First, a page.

Kik joins Facebook in hunt for more publisher, brand deals

While Facebook is courting publishers, millennial-focused messaging app Kik is also wooing publishers and brands to push content on its platform.

Kik has made no secret of its goal to go beyond a messaging platform and become a place where younger consumers play games, order food and movie tickets, and even do banking. Its CEO, Ted Livingston, has said he wants to replicate the success of Tencent’s WeChat in China, making Kik the “WeChat of the West.”

To that end, the Waterloo, Ontario-based Kik has hired Josh Jacobs as president of Kik Services, a new division at the company. Jacobs formerly was CEO of Accuen, an Omnicom Media Group programmatic agency, which he left in March after four years. Jacobs said he plans to add another 10 to 20 people to Kik’s 70-person staff to work with brands and media outlets.

“What we’re seeing [in Asia] is, it’s become far more than a way to communicate with friends and family,” Jacobs said. “Kids in this country look a lot more like the consumer base in some of these countries. So what we see with Services is, if you start with core messaging, what are the other activities people want to engage with?”

Other platforms are grappling to make deals with media companies in a land grab for consumers’ time. Facebook has been stepping up its efforts to be a tighter partner with media companies. Last week, it introduced Instant Articles, which lets publishers post their mobile articles directly to Facebook to enable a fast-loading experience for readers. Snapchat has been letting publishers post original content to be read exclusively on its platform through its new Discover feature.

For its part, Kik has already introduced tools to help brands and publishers connect with its users, which it claims number 200 million. Its Promoted Chats feature makes it easier for companies to be found by consumers on the app, and users can text keywords to a company to make conversations more relevant. It has made headway with publishers including BuzzFeed, The Washington Post and NBC News, which recently began using the platform to send users news and trivia games. But in keeping with Kik’s opt-in model, the user has to initiate the communication with the publisher by sending the company a text. For example, texting “LOL” to BuzzFeed gets an instant response with a link to “The 25 All-Too-Real Stages Of Going From Hungry To Hangry.”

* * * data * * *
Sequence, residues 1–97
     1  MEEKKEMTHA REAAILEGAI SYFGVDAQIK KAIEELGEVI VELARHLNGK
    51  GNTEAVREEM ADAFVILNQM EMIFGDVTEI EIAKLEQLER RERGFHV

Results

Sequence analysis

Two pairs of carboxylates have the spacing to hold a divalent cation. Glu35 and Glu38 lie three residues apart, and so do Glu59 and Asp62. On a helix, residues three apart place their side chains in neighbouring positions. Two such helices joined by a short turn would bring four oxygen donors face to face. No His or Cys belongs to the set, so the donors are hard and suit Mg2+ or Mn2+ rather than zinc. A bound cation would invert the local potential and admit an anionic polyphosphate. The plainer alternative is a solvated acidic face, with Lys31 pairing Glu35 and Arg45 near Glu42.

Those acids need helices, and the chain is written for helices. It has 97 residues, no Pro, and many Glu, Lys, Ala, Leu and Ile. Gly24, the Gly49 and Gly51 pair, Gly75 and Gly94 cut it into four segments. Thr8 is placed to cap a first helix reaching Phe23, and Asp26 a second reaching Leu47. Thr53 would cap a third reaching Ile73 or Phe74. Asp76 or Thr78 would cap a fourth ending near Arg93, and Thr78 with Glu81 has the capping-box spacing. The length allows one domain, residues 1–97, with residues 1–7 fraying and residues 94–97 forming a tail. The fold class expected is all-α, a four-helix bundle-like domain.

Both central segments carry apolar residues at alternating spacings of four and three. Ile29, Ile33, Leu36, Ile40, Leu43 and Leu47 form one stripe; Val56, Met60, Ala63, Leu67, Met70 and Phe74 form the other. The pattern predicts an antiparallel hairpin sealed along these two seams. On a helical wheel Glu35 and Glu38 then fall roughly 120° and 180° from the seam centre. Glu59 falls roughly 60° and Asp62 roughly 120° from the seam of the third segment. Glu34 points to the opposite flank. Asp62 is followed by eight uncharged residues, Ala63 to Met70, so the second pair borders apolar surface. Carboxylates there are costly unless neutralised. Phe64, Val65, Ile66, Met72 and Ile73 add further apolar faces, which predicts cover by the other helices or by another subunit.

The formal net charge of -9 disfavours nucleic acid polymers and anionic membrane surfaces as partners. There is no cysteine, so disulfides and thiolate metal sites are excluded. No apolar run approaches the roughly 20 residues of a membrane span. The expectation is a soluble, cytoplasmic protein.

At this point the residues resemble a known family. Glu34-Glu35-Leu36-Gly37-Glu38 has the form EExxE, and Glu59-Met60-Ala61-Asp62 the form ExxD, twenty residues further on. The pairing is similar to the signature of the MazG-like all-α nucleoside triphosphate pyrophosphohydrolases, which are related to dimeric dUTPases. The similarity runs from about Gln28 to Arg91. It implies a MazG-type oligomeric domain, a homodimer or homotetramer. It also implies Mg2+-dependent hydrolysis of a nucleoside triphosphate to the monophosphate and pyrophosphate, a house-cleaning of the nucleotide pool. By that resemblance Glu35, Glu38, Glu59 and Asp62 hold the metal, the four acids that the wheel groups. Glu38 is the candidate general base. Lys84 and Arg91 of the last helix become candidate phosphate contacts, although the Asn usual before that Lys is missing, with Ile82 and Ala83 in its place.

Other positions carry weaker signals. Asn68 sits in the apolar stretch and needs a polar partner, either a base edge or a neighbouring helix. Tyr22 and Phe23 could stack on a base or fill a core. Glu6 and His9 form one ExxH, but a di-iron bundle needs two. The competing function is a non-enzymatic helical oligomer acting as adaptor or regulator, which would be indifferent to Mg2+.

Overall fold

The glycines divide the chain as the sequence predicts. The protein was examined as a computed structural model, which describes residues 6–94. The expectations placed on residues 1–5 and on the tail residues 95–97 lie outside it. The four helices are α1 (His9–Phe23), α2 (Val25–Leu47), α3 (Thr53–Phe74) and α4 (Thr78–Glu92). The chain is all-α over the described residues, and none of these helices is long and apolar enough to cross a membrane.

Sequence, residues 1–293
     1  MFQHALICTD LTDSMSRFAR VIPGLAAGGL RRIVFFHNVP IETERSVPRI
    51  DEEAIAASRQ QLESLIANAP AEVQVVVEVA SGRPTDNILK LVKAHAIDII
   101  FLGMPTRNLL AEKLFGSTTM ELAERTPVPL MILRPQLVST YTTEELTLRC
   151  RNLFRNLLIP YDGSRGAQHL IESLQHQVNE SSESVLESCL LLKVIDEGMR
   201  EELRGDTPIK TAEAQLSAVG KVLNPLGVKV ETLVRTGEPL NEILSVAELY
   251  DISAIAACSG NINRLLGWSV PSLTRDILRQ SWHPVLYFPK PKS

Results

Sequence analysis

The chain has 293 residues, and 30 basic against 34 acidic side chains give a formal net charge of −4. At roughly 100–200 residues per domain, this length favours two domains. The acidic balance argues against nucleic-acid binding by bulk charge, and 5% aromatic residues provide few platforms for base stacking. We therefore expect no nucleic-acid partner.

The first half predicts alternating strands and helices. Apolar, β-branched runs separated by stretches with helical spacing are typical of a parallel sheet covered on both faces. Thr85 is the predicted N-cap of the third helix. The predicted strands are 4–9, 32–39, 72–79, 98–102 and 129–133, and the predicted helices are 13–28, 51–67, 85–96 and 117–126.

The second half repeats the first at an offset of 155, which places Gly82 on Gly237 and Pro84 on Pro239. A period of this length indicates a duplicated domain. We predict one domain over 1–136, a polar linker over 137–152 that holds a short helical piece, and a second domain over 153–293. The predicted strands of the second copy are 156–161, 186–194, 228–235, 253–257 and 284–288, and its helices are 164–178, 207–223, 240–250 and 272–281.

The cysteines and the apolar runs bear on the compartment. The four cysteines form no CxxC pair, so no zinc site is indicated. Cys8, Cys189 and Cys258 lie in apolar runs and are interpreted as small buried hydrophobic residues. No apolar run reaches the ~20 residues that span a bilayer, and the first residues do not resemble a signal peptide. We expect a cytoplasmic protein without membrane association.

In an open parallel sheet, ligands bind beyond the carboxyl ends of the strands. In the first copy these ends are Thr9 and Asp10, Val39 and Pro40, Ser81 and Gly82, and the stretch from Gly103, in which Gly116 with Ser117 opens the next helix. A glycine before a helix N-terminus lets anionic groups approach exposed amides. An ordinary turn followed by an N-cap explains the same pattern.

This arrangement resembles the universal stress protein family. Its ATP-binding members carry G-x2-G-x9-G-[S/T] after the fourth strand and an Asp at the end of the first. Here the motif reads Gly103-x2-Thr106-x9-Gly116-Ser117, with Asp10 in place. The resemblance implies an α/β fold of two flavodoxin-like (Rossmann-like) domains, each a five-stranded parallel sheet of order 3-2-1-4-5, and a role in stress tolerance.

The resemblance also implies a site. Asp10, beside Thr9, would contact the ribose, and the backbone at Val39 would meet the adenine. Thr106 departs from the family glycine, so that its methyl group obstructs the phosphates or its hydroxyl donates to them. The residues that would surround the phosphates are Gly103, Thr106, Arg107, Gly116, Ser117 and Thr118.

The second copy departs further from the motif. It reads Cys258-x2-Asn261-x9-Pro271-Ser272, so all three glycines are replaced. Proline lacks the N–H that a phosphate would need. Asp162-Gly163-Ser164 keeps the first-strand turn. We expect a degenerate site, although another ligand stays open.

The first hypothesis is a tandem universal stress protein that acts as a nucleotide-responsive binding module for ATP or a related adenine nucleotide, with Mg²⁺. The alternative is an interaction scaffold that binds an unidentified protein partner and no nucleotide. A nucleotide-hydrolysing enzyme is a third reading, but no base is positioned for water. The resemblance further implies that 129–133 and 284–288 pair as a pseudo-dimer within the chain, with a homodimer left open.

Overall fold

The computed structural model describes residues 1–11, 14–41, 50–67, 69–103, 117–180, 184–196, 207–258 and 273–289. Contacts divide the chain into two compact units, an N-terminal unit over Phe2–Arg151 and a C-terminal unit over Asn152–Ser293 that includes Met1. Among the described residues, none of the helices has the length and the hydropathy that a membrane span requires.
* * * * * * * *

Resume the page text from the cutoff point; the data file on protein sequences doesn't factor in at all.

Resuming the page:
Ultimately, it may not be a winner-take-all situation for the platforms. Kik has an advantage in that its user base is young (42 percent of its audience is aged 18-24, according to comScore), which gives it all the more time to develop their loyalty, said Cathy Boyle, senior mobile analyst at eMarketer. People use messaging apps for different things and with different groups of people, so in that sense, there’s still room for growth, as long as the apps keep their point of difference. “They’re always going to have that pressure to have that newest feature. That’s what’s going to keep users engaged,” she said.

Jacobs said he sees Kik as complementary to the others but with the advantage that it reaches a concentration of young people and that it enables brands and publishers to have a back-and-forth with users.

“The reason publishers are doing more with us is because they are getting access to a huge audience that’s engaging like crazy with their content,” he said. “You’re not just in the traffic-driving business.”

In expanding its services, however, Kik is mindful of the need to be careful in letting brands in on what is a highly personal, one-to-one communications experience.

“They turn to these apps when they want to talk to each other,” Boyle said. “They have to not forget that value proposition. That younger group still values that. There is sort of a frequency cap that advertisers have to be aware of. There will be a higher level of sensitivity, because they have a more personal feel to them.”

Jacobs allowed that there will be a learning curve as Kik and marketers figure out how best to commercialize Kik.

“Any new paradigm requires market education, and I think we’re making the investments to do great job with that,” he said. “The flip side is, there is a huge demand for ways to reach this kind of audience in a more permissive way. The learning isn’t why is this good, but what are the best ways to take advantage of this. How often do I talk to people, what the personality is, how should I share content.”

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